The second largest school district in the country is facing a common but pernicious problem: student absenteeism. In Los Angeles Unified School District, 14 percent of the more than 500,000 students miss more than 15 days of school a year, and another 18 percent miss between 8 and 14 days. This lost instruction is obviously detrimental to student outcomes. But additionally, absent students cost the district money, as state revenue is based on average daily attendance. If LAUSD had hit last year’s attendance target, they would have received $20 million more in revenue.
A new report, which is based on ERS's analysis, offers a suite of cost-effective and targeted strategies to address this problem. This fall, the LA Unified Advisory Task Force—a group of business, education, and civic leaders—tapped ERS to analyze data, research promising practices and make recommendations. Our team worked with the district attendance team to analyze LASUD's student attendance trends, identified strengths and opportunities in the district's current strategies, and reviewed promising practices from targeted districts around the nation, including New York City, Cleveland, Philadelphia, and Long Beach.
The findings revealed important aspects of the attendance problem in LA:
ERS then presented a series of recommended actions, based on promising practices from other districts. These were incorporated into the Task Force's report, which was presented to the school board and the superintendent on December 5:
The district has already begun to test out some of these ideas in pilot programs at targeted schools and plans to expand this work as early as this spring. The district plans to closely monitor what works and what doesn't and take steps to scale successful programs the following year with state support. Currently, LAUSD spends about $40 million on efforts to get more students to class. The Task Force recommended re-evaluating that investment as well, to identify ways that current practices can be improved.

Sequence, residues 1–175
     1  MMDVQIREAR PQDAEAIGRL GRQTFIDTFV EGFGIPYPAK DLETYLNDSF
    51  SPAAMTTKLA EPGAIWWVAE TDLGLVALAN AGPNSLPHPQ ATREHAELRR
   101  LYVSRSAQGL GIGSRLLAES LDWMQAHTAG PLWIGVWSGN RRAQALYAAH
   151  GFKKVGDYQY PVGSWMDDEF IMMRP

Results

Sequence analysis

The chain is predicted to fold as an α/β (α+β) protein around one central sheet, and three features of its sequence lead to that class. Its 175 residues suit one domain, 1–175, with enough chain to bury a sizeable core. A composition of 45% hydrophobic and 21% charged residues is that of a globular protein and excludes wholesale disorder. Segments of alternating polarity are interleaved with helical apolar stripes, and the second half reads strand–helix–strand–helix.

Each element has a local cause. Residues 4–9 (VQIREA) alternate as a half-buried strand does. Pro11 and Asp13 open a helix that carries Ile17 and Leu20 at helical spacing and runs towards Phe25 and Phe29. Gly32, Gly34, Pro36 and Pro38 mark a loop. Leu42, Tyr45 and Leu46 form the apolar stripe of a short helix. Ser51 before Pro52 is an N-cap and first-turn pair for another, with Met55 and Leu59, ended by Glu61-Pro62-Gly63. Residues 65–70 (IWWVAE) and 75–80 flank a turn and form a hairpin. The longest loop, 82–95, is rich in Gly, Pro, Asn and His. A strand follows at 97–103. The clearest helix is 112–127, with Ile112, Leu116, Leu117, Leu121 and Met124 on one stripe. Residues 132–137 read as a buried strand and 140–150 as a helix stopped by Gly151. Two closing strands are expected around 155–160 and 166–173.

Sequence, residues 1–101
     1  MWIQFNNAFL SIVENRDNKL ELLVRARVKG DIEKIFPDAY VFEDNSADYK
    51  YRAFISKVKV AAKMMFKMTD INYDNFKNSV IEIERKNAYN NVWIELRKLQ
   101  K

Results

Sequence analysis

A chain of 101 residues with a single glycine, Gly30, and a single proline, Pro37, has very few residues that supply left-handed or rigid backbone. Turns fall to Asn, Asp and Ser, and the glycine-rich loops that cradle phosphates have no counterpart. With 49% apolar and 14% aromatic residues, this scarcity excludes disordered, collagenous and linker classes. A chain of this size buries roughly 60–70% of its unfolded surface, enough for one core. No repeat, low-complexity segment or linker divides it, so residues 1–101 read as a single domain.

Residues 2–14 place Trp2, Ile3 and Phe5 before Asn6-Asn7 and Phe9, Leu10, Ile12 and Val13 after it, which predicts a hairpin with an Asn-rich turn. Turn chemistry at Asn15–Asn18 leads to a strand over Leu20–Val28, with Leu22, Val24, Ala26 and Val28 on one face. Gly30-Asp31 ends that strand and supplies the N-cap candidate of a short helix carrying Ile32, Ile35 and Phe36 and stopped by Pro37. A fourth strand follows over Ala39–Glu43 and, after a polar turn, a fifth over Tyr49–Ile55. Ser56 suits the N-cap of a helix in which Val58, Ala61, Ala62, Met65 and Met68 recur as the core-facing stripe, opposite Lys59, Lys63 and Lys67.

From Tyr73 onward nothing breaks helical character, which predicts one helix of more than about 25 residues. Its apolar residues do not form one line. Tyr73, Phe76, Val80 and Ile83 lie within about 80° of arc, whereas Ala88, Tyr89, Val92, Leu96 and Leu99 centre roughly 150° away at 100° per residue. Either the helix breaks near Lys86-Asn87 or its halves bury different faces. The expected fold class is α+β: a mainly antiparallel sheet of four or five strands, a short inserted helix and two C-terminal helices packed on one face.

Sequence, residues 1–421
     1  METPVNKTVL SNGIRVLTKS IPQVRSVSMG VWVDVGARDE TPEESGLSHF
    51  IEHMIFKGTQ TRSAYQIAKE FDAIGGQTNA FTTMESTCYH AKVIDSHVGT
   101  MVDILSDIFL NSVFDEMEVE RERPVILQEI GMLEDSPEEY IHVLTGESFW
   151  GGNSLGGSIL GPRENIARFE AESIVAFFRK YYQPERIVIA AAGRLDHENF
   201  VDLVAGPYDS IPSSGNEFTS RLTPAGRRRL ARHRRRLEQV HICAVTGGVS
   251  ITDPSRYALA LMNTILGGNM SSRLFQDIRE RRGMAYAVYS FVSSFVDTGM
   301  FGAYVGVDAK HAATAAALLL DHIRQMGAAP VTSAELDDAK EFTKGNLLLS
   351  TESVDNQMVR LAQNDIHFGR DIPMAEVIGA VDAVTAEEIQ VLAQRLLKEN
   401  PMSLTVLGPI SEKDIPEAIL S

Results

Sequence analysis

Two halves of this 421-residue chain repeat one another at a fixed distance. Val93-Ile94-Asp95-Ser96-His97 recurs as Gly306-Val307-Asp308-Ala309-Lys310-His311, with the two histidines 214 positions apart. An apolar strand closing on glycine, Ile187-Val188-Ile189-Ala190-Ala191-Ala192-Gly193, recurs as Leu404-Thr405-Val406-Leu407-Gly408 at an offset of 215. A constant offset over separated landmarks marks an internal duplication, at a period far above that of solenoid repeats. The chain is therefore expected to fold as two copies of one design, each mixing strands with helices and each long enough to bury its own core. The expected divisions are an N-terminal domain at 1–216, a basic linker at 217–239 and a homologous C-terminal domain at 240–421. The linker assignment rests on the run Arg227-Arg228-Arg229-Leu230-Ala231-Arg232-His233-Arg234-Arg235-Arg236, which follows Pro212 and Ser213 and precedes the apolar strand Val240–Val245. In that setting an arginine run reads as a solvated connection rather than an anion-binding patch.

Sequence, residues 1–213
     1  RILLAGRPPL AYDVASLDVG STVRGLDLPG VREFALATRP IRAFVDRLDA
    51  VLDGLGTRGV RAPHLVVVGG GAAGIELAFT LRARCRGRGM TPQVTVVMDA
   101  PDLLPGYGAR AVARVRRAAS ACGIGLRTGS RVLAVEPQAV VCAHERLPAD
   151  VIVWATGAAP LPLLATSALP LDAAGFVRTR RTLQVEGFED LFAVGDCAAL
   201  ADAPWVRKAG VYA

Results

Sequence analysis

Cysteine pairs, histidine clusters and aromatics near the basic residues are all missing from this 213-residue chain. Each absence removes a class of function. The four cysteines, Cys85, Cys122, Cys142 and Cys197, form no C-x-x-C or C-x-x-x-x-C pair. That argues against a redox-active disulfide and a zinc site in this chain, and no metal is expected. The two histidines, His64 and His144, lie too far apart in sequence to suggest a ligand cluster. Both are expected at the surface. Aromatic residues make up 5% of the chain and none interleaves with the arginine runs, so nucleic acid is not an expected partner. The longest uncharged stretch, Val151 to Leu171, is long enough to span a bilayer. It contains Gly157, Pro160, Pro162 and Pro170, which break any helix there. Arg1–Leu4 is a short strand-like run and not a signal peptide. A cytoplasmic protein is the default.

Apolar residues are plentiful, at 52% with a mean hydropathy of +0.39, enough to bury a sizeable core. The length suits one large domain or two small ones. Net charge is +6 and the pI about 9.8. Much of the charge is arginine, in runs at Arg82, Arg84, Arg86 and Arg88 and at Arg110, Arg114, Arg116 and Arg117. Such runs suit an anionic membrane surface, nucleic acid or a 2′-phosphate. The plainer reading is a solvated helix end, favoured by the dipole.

In the grand scheme of reforming educational systems, student attendance is a relatively straight-forward issue. Though students’ reasons for missing class are complex, the outcome measure is clear. And yet, it represents an excellent place for school systems to make an impact on both student achievement and district finances. If each child in LAUSD attended just one more day of school, he or she might get the introduction to a new novel the class will read for the next six weeks; or will experience the lab on kinetic energy that will open up a field of science. Moreover, LAUSD would receive an additional $30 million dollars, which could be invested in many impactful ways. LAUSD is demonstrating how partnership with an outside Task Force of civic-minded leaders, combined with good research and a commitment to pilot, monitor, and scale, could reap truly meaningful benefits.
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